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hunter-gatherer children playing

On the United Nations World Day for Cultural Diversity for Dialogue and Development, which is on May 21, Professor Rachel Kendal from our Anthropology Department and Dr Sheina Lew-Levy from our Psychology Department explore the cultural diversity of indigenous hunter-gatherer communities. They discuss the communities’ right to safeguard their ancestral knowledge, the importance of that knowledge for UN global sustainable development goals, and the threat that current formal education poses.

Contemporary hunting and gathering societies

Hunting and gathering societies, or hunter-gatherers, are small scale, mostly egalitarian societies that until recently depended primarily on non-domesticated resources obtained directly from their natural environment through hunting, gathering plant food, fishing, or scavenging. Though extremely diverse, such groups share some common characteristics regarding their social structure and their relations with surrounding groups and state governments. Their small group size and egalitarian social structures are at odds with many of the norms embedded and practiced in hierarchical institutions, including schools, and they are often highly stigmatized by wider society.

Hunter-gatherers form a global group of approximately 10 million people, which means they make up about 2% of Indigenous Peoples who number approximately 476 million people, and about 0.12% of the human family (Hays et al. 2019). Despite their small numbers, hunter-gatherers speak approximately 5% of human languages – they are thus an important part of human cultural diversity. 

Educational challenges faced by hunter-gatherer societies

In an extensive review of hunter-gatherer children’s experiences at school in the Global South, Sheina Lew-Levy and colleagues found that hunter-gatherer children face economic, infrastructural, social, cultural, and structural barriers which negatively affect their school participation.  To summarise:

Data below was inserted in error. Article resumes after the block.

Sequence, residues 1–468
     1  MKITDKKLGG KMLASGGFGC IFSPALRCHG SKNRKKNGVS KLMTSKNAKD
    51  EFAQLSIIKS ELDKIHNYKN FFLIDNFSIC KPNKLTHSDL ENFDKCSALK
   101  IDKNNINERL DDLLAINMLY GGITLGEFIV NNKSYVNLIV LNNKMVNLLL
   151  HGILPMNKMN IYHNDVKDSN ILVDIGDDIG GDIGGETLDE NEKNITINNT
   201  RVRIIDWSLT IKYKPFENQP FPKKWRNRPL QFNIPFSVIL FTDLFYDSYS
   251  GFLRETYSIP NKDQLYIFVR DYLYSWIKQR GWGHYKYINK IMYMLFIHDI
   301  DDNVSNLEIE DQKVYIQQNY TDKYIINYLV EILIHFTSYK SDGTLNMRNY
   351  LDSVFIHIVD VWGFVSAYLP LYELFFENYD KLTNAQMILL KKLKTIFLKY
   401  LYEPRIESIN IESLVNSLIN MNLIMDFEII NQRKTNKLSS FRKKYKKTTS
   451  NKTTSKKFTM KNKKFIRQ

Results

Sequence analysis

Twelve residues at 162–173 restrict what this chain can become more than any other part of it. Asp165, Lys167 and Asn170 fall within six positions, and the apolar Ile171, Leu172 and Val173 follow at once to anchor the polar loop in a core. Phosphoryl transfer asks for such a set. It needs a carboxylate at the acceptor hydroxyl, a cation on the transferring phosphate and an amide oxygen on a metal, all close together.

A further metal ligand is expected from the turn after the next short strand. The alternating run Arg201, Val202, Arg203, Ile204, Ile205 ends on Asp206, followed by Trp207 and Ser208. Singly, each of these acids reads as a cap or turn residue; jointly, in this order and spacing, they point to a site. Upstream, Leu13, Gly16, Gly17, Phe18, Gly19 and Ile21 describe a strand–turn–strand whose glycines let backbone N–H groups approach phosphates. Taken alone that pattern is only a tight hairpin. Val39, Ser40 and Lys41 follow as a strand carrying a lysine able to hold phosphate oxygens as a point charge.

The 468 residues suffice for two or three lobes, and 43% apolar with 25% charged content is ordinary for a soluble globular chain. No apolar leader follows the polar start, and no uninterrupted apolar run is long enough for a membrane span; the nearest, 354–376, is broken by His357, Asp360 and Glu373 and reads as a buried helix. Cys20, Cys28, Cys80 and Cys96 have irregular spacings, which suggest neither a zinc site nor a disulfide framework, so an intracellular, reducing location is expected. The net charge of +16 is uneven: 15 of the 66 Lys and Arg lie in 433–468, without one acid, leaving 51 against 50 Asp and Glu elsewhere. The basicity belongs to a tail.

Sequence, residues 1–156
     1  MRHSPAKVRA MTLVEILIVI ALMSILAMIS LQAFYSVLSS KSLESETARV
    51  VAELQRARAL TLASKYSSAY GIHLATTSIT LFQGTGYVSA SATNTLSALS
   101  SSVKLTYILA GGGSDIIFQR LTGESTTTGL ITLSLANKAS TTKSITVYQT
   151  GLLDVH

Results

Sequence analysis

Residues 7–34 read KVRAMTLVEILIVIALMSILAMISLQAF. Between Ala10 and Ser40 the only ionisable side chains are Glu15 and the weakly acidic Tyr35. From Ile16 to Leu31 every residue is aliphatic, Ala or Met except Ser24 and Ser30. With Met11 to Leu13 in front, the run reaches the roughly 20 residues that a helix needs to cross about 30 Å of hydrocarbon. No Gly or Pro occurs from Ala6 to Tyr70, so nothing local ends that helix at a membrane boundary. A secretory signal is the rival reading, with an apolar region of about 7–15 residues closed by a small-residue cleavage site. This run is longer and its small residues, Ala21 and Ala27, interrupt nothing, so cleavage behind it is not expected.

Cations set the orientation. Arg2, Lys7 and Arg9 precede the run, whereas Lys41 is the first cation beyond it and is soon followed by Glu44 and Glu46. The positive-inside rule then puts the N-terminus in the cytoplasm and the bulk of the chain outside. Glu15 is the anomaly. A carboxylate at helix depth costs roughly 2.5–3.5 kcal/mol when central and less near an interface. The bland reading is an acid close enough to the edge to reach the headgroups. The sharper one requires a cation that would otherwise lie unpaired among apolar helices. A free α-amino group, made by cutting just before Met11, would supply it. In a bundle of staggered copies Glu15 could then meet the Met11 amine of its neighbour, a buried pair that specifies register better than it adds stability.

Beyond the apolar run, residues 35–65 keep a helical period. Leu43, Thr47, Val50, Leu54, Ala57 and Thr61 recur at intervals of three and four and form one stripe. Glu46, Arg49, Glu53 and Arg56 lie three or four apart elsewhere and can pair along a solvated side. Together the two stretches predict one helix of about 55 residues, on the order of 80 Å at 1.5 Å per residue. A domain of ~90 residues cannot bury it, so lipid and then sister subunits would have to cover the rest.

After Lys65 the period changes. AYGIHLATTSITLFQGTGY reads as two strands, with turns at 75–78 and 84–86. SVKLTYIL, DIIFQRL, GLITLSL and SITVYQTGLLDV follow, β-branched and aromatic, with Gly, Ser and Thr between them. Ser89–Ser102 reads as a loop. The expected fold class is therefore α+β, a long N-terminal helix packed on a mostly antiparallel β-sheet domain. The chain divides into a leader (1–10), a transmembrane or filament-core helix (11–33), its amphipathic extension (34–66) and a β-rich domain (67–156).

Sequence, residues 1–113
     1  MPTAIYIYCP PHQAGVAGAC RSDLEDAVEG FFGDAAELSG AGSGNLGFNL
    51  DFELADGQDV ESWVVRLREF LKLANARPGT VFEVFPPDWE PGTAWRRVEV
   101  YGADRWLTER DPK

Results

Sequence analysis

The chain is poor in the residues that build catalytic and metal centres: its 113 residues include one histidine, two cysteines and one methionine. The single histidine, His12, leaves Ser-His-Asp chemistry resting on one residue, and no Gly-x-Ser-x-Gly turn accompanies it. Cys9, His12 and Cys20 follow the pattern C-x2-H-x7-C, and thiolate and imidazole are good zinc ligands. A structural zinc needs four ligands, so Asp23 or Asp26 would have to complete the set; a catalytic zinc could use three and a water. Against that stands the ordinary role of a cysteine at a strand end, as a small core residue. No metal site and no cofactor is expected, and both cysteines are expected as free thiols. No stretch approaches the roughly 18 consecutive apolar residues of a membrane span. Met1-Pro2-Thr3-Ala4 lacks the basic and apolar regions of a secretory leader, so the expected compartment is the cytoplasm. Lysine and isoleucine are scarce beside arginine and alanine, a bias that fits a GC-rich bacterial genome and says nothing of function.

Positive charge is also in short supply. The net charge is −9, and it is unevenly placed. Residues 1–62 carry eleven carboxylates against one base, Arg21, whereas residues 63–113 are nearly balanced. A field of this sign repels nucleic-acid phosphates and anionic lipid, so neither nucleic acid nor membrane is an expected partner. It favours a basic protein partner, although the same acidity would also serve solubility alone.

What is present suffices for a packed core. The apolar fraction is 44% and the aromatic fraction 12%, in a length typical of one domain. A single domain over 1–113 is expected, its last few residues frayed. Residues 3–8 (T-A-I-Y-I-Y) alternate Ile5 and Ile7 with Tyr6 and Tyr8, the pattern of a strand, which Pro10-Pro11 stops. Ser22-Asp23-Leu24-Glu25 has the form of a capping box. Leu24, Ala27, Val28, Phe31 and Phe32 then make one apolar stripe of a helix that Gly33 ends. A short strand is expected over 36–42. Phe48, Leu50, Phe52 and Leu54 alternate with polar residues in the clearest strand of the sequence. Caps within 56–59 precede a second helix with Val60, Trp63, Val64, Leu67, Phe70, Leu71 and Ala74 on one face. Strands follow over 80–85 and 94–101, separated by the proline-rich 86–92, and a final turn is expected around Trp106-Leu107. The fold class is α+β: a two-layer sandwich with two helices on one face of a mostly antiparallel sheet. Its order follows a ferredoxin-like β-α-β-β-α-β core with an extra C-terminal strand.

• A lack of schools near hunter-gatherer communities means that learners must live in boarding schools, isolated from family and often subject to stigma and discrimination.
  • Hunter-gatherer children are often granted extensive personal autonomy, which is at odds with the authoritarian culture of formal schooling that requires obedience to strict schedules.
  • Formal education can lead to assimilation to a majority culture, resulting in the formally educated child losing their connection with traditional hunter-gatherer knowledge and values, which results in isolation from their own community.

Accordingly, one may question whether the United Nation’s Sustainable Development Goal (SDG 4) to “ensure inclusive and equitable quality education and promote lifelong learning opportunities for all” is helpful for hunter-gatherer groups.

Hence, ‘the double-edged sword’ of formal education consists of the tension that, while schools are a risk to the transmission of hunter-gatherer values, languages, and traditional knowledge, they are also viewed by hunter-gatherer communities as a source of economic and cultural empowerment. Formal education enables hunter-gatherer groups to advocate for their rights, preserve access to their lands and livelihoods, and access majority culture systems, for example diversified economic activity and obtaining formal ID, if they wish.

A way forward?